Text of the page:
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Lawyers Discuss Stamp Duty

Lawyers Discuss Stamp Duty
Subhash Parshotam during Fiji Law Society Convention in Lami yesterday. Photo: Ronald Kumar
September 27
10:20 2015

Commenting on the new Land Sales Legislation and Capital Gains Tax, lawyer Subhas Parshotam is of the view that the rate of stamp duty needs to be reviewed.

Mr Parshotam was among 150 lawyers from around the country participating at the Fiji Law Society Convention yesterday at the Novotel Suva Lami Bay yesterday.

He said the general law was any one buying property pays a stamp duty on three per-cent of its purchase price and if they borrow money, it’s 1.75 per-cent of the mortgage amount.

“For non residents after the amendment laws states the rates of stamp duty are 10 per cent for purchase and five per cent for mortgage,” Mr Parshotam said.

“If a person is arguably purchasing property in a tourism development area like Naisoso or Denarau, a strata title or house or a villa, it could potentially face having to pay 15 per-cents, 10 per cent for transfer, five per cent for mortgage if he is borrowing on the cost of the property.”

“The sum is horrendous in a sense if a property is purchased for a million dollars, $100,000 is stamp duty, when a resident would pay on a property $30,000 stamp duties.”

In his view the stamp duty fetches revenue for Government with only serious buyers who may buy properties which may dissuade foreign investors.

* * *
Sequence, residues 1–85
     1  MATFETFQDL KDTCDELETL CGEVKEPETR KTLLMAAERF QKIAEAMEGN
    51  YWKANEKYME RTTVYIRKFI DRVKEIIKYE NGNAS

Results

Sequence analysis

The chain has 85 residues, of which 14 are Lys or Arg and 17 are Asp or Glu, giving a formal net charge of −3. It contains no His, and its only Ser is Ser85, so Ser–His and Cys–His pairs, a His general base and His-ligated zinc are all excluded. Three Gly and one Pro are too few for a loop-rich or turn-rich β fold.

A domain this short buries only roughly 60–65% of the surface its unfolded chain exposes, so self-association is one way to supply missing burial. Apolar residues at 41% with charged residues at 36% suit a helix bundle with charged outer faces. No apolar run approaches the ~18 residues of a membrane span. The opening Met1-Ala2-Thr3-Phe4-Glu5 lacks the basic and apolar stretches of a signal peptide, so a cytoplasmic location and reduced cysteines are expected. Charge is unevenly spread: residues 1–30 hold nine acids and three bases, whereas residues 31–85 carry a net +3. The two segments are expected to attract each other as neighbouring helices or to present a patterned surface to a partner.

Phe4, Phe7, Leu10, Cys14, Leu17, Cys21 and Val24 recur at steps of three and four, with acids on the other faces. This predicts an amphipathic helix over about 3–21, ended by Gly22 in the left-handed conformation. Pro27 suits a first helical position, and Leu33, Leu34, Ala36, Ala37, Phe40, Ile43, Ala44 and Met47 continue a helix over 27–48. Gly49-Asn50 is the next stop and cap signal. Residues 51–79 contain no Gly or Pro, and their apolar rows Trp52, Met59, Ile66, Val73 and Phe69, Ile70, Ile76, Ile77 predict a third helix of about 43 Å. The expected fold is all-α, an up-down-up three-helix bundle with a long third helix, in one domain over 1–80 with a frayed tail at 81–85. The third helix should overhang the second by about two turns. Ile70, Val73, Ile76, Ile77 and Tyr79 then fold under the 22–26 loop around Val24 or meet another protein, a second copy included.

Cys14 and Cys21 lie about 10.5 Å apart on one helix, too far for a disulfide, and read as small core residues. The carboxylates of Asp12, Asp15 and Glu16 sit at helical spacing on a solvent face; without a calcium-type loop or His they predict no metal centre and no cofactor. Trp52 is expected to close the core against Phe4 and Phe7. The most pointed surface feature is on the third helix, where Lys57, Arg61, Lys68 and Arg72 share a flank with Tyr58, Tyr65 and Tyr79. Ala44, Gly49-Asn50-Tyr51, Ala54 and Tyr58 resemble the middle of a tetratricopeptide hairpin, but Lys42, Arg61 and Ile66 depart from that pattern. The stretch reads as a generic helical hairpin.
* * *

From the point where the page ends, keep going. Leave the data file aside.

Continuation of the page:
He feels that the stamp duty rate needs to be reviewed.

“In fact many jurisdictions outside Fiji have totally abolished stamp duty altogether because of the administration office, the delays it causes to the transaction flowing, New Zealand for example have no stamp duty, many states in Australia have no stamp duty.

“In Fiji I appreciate it earns about 68-70million dollar revenue for the Government, but in the scheme of things, it is not much so maybe better off simplifying the stamp duty process or abolishing it altogether.”

Meanwhile, Justice Kamal Kumar presented a paper on the New Land Sales Legislation and Capital Gains Tax followed by Professor Julian Moti who presented a paper on ‘Honoured in the breach: Fiji’s Constitutional Redress Regime.”

He urged the Fiji Law Society to clamor for more time and space to be given for public involvement in both development and review of laws before they are made.

The convention closed with various discussions on numerous topics including papers on amendments to the Family Law Act- property distributions, Computer documentary evidence and others.



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